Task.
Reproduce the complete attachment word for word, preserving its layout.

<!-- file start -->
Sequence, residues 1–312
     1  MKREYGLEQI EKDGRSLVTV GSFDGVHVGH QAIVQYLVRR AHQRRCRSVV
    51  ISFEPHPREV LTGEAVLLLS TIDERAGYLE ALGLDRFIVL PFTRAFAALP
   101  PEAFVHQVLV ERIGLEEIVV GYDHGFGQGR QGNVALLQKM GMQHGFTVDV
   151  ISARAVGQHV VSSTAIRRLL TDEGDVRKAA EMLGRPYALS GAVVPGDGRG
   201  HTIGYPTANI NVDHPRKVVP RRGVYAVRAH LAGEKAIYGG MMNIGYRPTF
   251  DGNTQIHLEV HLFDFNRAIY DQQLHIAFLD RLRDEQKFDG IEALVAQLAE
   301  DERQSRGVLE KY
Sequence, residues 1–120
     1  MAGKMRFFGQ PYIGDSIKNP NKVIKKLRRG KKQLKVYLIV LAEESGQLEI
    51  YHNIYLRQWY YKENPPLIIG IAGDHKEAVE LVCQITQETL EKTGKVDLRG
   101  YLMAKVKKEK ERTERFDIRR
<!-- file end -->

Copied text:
Sequence, residues 1–312
     1  MKREYGLEQI EKDGRSLVTV GSFDGVHVGH QAIVQYLVRR AHQRRCRSVV
    51  ISFEPHPREV LTGEAVLLLS TIDERAGYLE ALGLDRFIVL PFTRAFAALP
   101  PEAFVHQVLV ERIGLEEIVV GYDHGFGQGR QGNVALLQKM GMQHGFTVDV
   151  ISARAVGQHV VSSTAIRRLL TDEGDVRKAA EMLGRPYALS GAVVPGDGRG
   201  HTIGYPTANI NVDHPRKVVP RRGVYAVRAH LAGEKAIYGG MMNIGYRPTF
   251  DGNTQIHLEV HLFDFNRAIY DQQLHIAFLD RLRDEQKFDG IEALVAQLAE
   301  DERQSRGVLE KY
Sequence, residues 1–120
     1  MAGKMRFFGQ PYIGDSIKNP NKVIKKLRRG KKQLKVYLIV LAEESGQLEI
    51  YHNIYLRQWY YKENPPLIIG IAGDHKEAVE LVCQITQETL EKTGKVDLRG
   101  YLMAKVKKEK ERTERFDIRR